Hurricane dorian

First Footage Shows Historic Hurricane Dorian Destroy The Bahamas With 200mph Winds

Hurricane Dorian moved very slowly as it crossed the Bahamas over the weekend, inflicting massive damages on the region.

The storm has not had a clear path and continues to baffle researchers, who are unsure which direction it will be headed once it leaves the Bahamas. The hurricane seems to have made a complete stop over the Grand Bahama Island, with record-setting winds being reported on its path.

At its strongest, Dorian registered as a category 5 hurricane, but it slowly downgraded to a category 4 after unleashing fury on the Bahamas. The hurricane currently remains a category 4 storm, but officials are warning that it should not be taken lightly, and evacuations should still be taken very seriously.

Hurricane dorian
Photo Credit: National Weather Service

The destruction left in the Bahamas has many people in the United States concerned about the path of the storm. Over the weekend, an evacuation of at least 1 million people was ordered in South Carolina and Georgia. The National Hurricane Center has issued hurricane, storm surge, and tropical storm watches and warnings from the Atlantic coast of Florida northward into southeastern Georgia, as the United States braces for the storm.

The following Tweet from the National Weather Service shows some of the speeds that were recorded at different locations on Dorian’s path.

At around noon on Monday, Dorian was roughly 30 miles northeast of Freeport on Grand Bahama Island, and was moving so slow that its travel speed was just 1 mph. However, despite the slow travel speed, the storm is still producing gusts of nearly 200 mph, and some have said that it could be the strongest storm in recorded history.

The good news is that the storm is beginning to weaken, though it is still a stronger storm than most, even in its weakened state. The Hurricane Center predicts that Dorian will continue to weaken as it passes Florida.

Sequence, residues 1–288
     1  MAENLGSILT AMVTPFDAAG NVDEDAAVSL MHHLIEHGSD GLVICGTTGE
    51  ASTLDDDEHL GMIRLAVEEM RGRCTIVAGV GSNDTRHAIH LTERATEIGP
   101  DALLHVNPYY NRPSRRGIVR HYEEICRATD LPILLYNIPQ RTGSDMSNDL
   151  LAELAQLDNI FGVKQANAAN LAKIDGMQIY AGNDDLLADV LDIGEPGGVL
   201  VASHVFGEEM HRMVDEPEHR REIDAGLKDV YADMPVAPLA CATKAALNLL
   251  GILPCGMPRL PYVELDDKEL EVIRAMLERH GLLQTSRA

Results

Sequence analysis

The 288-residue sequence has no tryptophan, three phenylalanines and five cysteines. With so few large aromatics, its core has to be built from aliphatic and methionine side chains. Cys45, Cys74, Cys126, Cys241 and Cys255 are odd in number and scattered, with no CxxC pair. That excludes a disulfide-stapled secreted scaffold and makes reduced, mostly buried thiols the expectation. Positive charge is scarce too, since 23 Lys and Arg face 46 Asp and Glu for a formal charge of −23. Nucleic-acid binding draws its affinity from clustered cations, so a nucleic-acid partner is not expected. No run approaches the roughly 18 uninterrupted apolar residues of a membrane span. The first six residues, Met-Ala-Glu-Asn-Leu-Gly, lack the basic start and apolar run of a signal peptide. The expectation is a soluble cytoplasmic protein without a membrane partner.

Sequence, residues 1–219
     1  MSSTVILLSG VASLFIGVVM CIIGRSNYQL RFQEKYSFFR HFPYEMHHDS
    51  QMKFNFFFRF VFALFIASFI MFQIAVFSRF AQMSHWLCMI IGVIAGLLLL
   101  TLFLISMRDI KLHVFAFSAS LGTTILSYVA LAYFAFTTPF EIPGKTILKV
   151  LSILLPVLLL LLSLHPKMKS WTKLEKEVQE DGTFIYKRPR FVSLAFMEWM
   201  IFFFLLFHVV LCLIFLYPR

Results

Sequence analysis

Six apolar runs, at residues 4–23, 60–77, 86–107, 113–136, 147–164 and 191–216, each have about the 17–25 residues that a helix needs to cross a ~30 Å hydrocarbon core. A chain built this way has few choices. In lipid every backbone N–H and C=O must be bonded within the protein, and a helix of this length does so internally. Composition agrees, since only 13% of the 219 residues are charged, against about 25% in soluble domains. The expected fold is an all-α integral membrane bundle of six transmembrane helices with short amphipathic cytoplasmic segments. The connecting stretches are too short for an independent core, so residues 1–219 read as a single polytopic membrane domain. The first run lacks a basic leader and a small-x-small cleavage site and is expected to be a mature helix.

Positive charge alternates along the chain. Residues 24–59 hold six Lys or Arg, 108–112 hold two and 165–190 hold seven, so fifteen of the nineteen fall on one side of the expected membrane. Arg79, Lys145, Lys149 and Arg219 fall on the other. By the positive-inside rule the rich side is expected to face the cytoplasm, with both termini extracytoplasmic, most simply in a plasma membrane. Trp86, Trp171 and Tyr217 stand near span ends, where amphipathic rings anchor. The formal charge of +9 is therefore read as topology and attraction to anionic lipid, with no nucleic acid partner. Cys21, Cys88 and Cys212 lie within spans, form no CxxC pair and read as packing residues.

This news is no consolation for the people of the Bahamas, who seemed to have gotten the worst that the storm had to offer.

Record-setting winds of nearly 200 mph were reported on the Grand Bahama Island on Monday, creating a massive storm surge that flooded the region and left coastal areas under 18 to 23 of water.

The duration that the hurricane stayed over the island was one of the major factors that caused the situation to be so bad. According to weather experts, the prolonged direct hit resulted in larger storm surges because the hurricane was hovering over the island through multiple high tides.

Kara Doran, leader of the USGS Coastal Change Hazards Storm Team, said that slow-moving hurricanes that remain at sea for long periods of time tend to build up large storm waves, which can sometimes travel hundreds of miles.

The Bahamian government has given no official death toll, but the expected forecast is grim. Prime Minister of The Bahamas Hubert Minnis gave a press conference in the wake of the direct hit, and told reporters that this was the worst storm the Bahamas had ever seen. Minnis told the Nassau Guardian that rescue teams won’t be able to conduct search and rescue missions for hurricane victims on Great Abaco Island until Wednesday.

Because the storm was so bad and there were so many people evacuated from the Bahamas, there are very few photos or videos showing the extent of the damage. However, some footage was posted online by people who stayed on the island and managed to keep themselves safe.

Minister of Agriculture and Marco City MP Michael Pintard was one of the people who were able to capture some footage of the storm while it was at its peak. His footage can be seen below.

There were also a few news broadcasts that were on location to show the devastation caused by Hurricane Dorian, such as ABC World News Tonight with David Muir.

Catastrophic damage reported in northwest Bahamas after Hurricane Dorian

‘CATASTROPHIC’ HURRICANE: Marcus Moore reports from the Abaco Islands, after Hurricane Dorian made landfall in northwest Bahamas as a massive Category 5 storm, calling the situation “pure hell,” adding, “this will no doubt be a deadly event.”

Posted by ABC World News Tonight with David Muir on Sunday, September 1, 2019

Dorian looks like an extremely threatening storm from space, the following image, posted by the National Oceanic and Atmospheric Administration, shows satellite imagery of the hurricane as it slowly moves towards the United States.

The National Hurricane Center has reported that the storm could go in any direction at this point. If just a slight change in timing or wind occurs, the hurricane could end up turning north and not make landfall at all, but many people in the US are not willing to take that chance.

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